Moving from On-Campus to On-Site

I was on the campus of a large university recently talking with students about the recruiting process. Many of them expressed excitement over being asked for on-site second round interviews, and frustration over what they experienced once they got to the interviews. One sentiment was universal across job functions, industries and company size. Students felt the companies were sending mixed messages, and didn’t follow through on promises. For example, one student stated the job description she had heard at the on-campus interview was vastly different than the one she got from a recent grad at lunch during the on-site. Many students expressed frustration over the difference in the time between when companies stated they would be making decisions and when students were actually notified. Based on these conversations here are some thoughts on making the most of your on-site interviews with a focus on managing candidate expectations. Consistent Message Throughout the entire recruiting process from company presentations and career fairs through the final offer–and even beyond to the actual job–create one clear message for candidates. Take time before the recruiting process begins to develop realistic job preview information and train everyone who will be meeting with the candidate. In today’s competitive market, organizations focus on marketing their jobs based on what they believe candidates want. Be sure that what you are marketing is consistent with what you offer. With each step of the process, have your employees communicate to the next interviewer what they have told students and what students have told and asked them. This will ensure that the next interaction flows from the previous one. Pro-actively address student concerns and questions by making the next person aware of what those were at the last meeting. Candidates will be impressed at your follow through and how much you care about their concerns. Reinforce The Message But Don’t Ask The Same Questions Every time a candidate meets with an employee there is an opportunity to reinforce the message crafted above and to get new information about the candidate. Students express surprise and frustration over answering the same questions several times. Considering the range of information you want to have about your candidates when making the decision, don’t waste time gathering that information several times unless you have a reason for doing so. Before the interview, determine what information you need to gather from the candidates and create questions. Sometime the best approach is to break it down into topic areas such as teamwork, taking initiative, or creative problem solving. Make each member of your team responsible for asking a sub-set of the questions. Each one should be given a list of topics or information to cover over the course of the interview. When the day is complete, you will gather all the information together and get a complete view of the applicant. <*SPONSORMESSAGE*> Base the questions or topic area each person will be covering on the interviewer’s strengths and experiences. You may also focus on what they feel are important qualities or skills for a candidate to possess. This will align their natural interviewing tendencies with the information you need them to gather. For example, a high-level executive, while recognizing the importance of team work, may not be utilizing this skill in her job on a daily basis. Therefore, her tendencies may be towards emphasizing the need to creative problem solving or strategic thinking. Match the questions to the interviewer. Provide Time For Catching Their Breath An on-site interview can be very stressful. The candidate is required to be “on” all day and may have little idea what is expected of them. Schedule some time in the day for them to get a break. Having lunch with a recent grad is an excellent way to accomplish this. The focus of the lunch should be the employee sharing his or her experiences with the candidate. They should not be asking questions or assessing the candidate, but rather helping to fill out the picture of working in the organization. In fact, tell the candidate this is purpose of the lunch and you want them to take this time to ask questions which have arisen so far and absorb information. The employee can also be a contact post-interview for candidate questions. Knowing this person is a source of information for the candidate rather than providing information for the employer takes pressure off the candidate and allows them a way to get information which is important to them. The types of questions candidates ask this person should be used in shaping the information you provide to this candidate and others in the future. Wrapping It Up The biggest frustration I hear from candidates is lack of follow through or information coming after it was expected. Apparently, candidates would rather hear a decisive rejection on time than an offer three weeks after they had given up on the opportunity. The largest transgression is never giving any feedback. Some candidates say they interviewed with a company and never heard from them again. Doing this may loose that candidate as a prospective employee for years to come. It also taints what anyone they share this information with thinks about your organization potentially losing you candidates you didn’t even know existed. You walk a tightrope between getting candidates information quickly and managing their expectations. It is true that candidates want to hear your decision as soon as possible. However, they would prefer waiting longer, as long as they were expecting to wait, to expecting an answer sooner and having none arrive. Give candidates a realistic deadline for receiving information about your decision. Determine before they arrive on-site when you will be able to make a decision. If that deadline approaches and it is clear you are going to miss it, contact the candidate and explain that the decision needs to be delayed. That three minute phone call or email will go along way in candidate relations. They understand that problems arise but keeping them apprised of the situation sends the message that you take their needs seriously and value their time. The basic message is be as organized as possible and have an open line of communication between your company and the candidate. Consistency and follow through in the recruiting process can turn into a greater number of acceptances. Students factor in how well they are treated and how well their expectations were met when making their decision on offers. If my recent conversations are indicative of candidate experiences, consistent messages and timely communication will put your company well ahead of the pack.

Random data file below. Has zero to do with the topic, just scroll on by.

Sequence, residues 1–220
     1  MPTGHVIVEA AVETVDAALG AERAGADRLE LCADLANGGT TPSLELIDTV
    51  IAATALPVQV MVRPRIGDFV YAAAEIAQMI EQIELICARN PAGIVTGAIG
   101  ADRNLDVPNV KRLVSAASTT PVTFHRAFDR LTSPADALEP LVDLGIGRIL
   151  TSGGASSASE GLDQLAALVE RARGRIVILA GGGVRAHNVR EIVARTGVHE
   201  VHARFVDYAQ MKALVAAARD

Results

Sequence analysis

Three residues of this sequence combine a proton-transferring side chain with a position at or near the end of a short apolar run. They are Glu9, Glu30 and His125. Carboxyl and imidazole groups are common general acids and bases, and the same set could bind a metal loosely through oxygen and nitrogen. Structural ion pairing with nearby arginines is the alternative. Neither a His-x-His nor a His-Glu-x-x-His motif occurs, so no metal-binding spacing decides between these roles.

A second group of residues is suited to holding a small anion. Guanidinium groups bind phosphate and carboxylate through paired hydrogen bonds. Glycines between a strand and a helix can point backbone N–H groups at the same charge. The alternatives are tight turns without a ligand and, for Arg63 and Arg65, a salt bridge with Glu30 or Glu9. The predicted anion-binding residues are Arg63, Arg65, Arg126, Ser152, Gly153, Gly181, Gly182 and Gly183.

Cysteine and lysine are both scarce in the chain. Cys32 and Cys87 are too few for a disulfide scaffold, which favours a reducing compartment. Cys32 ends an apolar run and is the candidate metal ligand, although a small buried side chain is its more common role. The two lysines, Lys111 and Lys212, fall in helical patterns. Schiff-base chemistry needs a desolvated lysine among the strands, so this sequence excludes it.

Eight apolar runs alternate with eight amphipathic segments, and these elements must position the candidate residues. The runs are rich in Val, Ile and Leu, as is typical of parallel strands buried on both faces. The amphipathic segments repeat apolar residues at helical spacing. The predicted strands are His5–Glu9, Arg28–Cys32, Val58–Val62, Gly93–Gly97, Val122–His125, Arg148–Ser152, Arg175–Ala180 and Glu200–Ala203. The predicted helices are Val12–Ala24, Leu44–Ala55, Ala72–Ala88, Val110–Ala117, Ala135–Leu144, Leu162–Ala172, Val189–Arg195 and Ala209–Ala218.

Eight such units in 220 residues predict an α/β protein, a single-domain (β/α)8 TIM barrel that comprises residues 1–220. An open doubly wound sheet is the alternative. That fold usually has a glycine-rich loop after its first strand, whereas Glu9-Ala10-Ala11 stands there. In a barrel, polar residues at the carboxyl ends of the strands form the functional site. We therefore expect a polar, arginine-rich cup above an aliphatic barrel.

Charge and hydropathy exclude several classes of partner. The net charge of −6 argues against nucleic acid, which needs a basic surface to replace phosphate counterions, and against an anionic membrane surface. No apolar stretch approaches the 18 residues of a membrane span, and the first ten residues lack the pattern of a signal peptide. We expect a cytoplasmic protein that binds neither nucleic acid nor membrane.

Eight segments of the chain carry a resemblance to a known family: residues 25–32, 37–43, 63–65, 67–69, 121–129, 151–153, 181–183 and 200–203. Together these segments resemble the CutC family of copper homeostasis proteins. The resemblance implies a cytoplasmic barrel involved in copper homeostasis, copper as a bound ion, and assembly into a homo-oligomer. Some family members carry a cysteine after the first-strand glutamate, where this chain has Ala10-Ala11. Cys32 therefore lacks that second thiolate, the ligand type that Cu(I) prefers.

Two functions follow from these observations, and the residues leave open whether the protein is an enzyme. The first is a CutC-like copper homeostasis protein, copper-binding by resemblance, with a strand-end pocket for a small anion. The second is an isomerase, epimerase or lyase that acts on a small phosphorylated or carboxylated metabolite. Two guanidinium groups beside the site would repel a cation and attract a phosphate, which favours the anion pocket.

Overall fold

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Maggie Ruvoldt ( runs, a website devoted to helping students and employers find each other and to maximizing the internship and entry-level job experience for both. Ms. Ruvoldt also consults for organizations developing college recruiting and internship programs. Ms. Ruvoldt is also working towards completing the Masters Program in Human Resource Management at the Rutgers University School of Management and Labor Relations. More information about her work, consulting services, and job listings can be found at